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Lee County nurses join coronavirus fight in NYC

Posted at 7:28 PM, Apr 13, 2020
and last updated 2020-04-14 10:28:23-04

LEE COUNTY, FL. — Three Lee County Nurses are now in the frontlines against the Coronavirus pandemic in New York City.

"My family knows me when I said I was going, they pretty much knew it was a done deal," said Gina Willaford.

Willaford is a certified registered nurse anesthetist; she says the idea of going to New York City sparked after learning of hospitals being short-staffed.

Nurse colleagues Jackie Lemm and Jennifer Concepcion also jumped in to help.

All three work at Cape Health Surgery Center in Cape Coral, FL.

“I mentioned it to a lot of people, but those two girls, you could see it in their eyes that they were ready to go,” said Willaford.

Lemm is also a certified registered nurse anesthetist and Concepcion is a registered nurse.

Within 48-hours of contacting a staffing agency, all three Lee County nurses were on their way to the United States' epicenter to help and learn.

“It puts me in a great spot; I’m working with wonderful physicians, residents, and fellows who have been here since the first day. I wanted to learn from them what we would do differently, what’s working, what’s not working,” said Willaford.

Willaford says she has been sharing what she has learned with her colleagues back in Lee County.

Willaford and Concepcion are at the Bellevue Hospital Intensive Care Unit, while Lemm is working at the King County Emergency Room.

"Here today, I’ve stepped back into my role as a medical ICU nurse because that’s where they need me," said Willaford.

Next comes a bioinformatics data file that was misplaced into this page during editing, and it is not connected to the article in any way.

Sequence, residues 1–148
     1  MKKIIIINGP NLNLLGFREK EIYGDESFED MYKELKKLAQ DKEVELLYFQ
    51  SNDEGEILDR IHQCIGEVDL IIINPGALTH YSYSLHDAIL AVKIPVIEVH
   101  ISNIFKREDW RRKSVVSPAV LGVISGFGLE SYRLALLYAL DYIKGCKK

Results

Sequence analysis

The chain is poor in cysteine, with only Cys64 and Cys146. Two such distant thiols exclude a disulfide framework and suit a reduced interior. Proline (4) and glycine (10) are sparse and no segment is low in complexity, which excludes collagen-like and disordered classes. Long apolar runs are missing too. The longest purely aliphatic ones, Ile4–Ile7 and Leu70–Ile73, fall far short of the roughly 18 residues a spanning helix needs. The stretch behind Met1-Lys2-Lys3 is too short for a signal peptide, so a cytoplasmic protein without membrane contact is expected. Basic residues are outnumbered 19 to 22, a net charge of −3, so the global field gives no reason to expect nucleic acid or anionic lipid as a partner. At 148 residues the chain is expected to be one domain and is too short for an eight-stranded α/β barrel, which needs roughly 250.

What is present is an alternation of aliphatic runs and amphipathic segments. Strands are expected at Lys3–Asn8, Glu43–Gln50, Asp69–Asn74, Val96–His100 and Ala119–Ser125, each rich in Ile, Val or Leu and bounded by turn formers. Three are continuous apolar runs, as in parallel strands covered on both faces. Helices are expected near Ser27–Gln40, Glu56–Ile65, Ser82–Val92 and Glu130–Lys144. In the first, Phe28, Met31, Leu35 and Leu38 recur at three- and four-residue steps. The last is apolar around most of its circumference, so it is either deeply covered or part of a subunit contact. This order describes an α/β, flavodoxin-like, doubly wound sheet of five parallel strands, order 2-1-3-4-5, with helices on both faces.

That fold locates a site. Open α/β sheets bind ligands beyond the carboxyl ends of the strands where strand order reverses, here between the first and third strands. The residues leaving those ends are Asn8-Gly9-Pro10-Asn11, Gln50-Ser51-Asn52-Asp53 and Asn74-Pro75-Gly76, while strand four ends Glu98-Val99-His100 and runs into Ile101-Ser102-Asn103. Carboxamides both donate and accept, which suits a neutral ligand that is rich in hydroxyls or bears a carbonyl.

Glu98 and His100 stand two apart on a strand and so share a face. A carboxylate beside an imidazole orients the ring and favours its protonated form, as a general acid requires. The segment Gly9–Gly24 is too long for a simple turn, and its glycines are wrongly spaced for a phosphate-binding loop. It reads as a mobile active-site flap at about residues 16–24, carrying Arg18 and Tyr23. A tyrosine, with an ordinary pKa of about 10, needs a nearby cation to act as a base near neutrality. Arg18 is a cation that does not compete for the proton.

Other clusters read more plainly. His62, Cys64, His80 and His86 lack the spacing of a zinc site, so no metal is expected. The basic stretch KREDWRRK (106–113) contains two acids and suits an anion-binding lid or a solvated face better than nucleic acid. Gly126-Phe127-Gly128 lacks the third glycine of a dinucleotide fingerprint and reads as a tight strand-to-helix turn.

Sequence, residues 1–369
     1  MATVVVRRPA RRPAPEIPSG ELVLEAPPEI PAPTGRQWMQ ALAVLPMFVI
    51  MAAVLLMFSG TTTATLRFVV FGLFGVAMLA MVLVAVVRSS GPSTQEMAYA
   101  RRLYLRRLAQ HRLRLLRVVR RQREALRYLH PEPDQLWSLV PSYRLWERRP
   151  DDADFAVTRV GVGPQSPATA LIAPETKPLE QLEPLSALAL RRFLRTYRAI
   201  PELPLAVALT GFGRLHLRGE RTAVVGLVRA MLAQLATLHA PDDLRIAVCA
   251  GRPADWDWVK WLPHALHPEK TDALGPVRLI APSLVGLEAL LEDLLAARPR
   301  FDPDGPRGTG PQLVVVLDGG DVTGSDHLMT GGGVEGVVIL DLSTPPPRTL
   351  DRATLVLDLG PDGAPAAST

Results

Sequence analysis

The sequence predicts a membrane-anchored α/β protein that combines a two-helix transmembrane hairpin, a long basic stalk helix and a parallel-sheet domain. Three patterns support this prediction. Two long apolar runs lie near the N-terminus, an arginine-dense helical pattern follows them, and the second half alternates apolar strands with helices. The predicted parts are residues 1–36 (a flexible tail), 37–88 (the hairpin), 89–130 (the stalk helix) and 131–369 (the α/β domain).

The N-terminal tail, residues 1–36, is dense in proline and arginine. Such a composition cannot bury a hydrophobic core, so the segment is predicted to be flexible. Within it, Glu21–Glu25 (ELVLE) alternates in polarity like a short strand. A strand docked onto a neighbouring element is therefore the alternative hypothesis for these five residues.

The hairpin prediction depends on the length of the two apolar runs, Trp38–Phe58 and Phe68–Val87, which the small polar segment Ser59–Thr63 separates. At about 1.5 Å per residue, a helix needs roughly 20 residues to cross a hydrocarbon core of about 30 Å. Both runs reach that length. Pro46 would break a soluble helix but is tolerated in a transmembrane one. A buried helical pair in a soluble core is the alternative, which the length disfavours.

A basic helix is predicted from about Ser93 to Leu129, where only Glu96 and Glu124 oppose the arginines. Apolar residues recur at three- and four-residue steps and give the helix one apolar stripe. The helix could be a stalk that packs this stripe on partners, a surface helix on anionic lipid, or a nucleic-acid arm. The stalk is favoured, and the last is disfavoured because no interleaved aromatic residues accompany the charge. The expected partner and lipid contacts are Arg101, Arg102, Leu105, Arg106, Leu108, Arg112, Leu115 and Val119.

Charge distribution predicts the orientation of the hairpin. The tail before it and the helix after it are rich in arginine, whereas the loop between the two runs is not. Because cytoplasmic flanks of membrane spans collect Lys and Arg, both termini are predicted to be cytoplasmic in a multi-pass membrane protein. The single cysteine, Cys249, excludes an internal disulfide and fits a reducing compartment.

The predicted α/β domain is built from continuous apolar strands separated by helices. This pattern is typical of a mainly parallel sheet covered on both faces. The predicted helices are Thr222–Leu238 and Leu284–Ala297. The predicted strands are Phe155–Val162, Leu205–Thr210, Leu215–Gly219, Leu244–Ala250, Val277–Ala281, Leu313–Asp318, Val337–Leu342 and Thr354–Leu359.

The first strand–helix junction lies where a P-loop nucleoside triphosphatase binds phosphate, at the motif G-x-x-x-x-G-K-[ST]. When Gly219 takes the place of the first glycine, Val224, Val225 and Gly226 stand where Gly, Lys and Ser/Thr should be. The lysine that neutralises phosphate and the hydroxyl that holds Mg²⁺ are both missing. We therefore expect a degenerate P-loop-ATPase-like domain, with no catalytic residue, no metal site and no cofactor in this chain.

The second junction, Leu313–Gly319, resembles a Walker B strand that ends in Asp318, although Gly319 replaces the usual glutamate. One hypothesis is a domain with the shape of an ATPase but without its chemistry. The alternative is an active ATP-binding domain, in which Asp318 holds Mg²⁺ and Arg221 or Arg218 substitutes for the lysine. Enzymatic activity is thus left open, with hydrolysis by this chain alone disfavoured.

All three nurses arrived on April 5th and committed to stay for three weeks, but now on day 8th, Willaford plans to stay longer if she is needed.

“I don’t want to think about leaving my colleagues here because we are critically short-staffed,” said Willaford.

Willaford says working in NYC is like something she has never seen before.

“Every floor here is an intensive care unit — you see ventilators in the endoscopy suite, we have tents outside with resistive measures going,” said Willaford.

"There are things that we’re seeing here that I can’t describe, and I will probably never describe, and probably never tell my family about how sick the patients actually are."

With shifts starting at 5:45 in the morning and ending just before nine at night, Willaford says everyone is doing what they can.

"It’s amazing here how the lines have blurred between professions and jobs. You have no idea who the doctors, nurses, fellows, residents are. It’s just elbow to elbow. Everybody is just pitching in for the good of the patient and just to get through this,” said Willaford.

Once the nurses return back home, they will have to quarantine.

Willaford says she's thankful to her employer for allowing them to go to NYC to help and still have a job when they return.

"I'm so fortunate that I work for amazing doctors, Dr. Trope, Keith, and Harris. They said girls, we got you covered, your job is here, and they’ve been actually calling and texting us every single day to make sure that we’re ok," said Willaford.